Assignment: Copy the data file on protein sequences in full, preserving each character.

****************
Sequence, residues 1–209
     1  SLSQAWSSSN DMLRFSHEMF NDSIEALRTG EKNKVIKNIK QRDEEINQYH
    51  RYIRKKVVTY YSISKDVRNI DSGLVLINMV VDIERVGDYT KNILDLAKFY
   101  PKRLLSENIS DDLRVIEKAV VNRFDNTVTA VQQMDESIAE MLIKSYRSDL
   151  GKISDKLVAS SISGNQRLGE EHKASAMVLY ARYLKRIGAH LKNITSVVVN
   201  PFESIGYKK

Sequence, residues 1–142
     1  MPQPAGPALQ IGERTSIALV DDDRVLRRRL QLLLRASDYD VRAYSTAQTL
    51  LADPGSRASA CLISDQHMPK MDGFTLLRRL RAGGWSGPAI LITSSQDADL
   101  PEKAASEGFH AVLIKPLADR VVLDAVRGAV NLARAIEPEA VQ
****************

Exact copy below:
Sequence, residues 1–209
     1  SLSQAWSSSN DMLRFSHEMF NDSIEALRTG EKNKVIKNIK QRDEEINQYH
    51  RYIRKKVVTY YSISKDVRNI DSGLVLINMV VDIERVGDYT KNILDLAKFY
   101  PKRLLSENIS DDLRVIEKAV VNRFDNTVTA VQQMDESIAE MLIKSYRSDL
   151  GKISDKLVAS SISGNQRLGE EHKASAMVLY ARYLKRIGAH LKNITSVVVN
   201  PFESIGYKK

Sequence, residues 1–142
     1  MPQPAGPALQ IGERTSIALV DDDRVLRRRL QLLLRASDYD VRAYSTAQTL
    51  LADPGSRASA CLISDQHMPK MDGFTLLRRL RAGGWSGPAI LITSSQDADL
   101  PEKAASEGFH AVLIKPLADR VVLDAVRGAV NLARAIEPEA VQ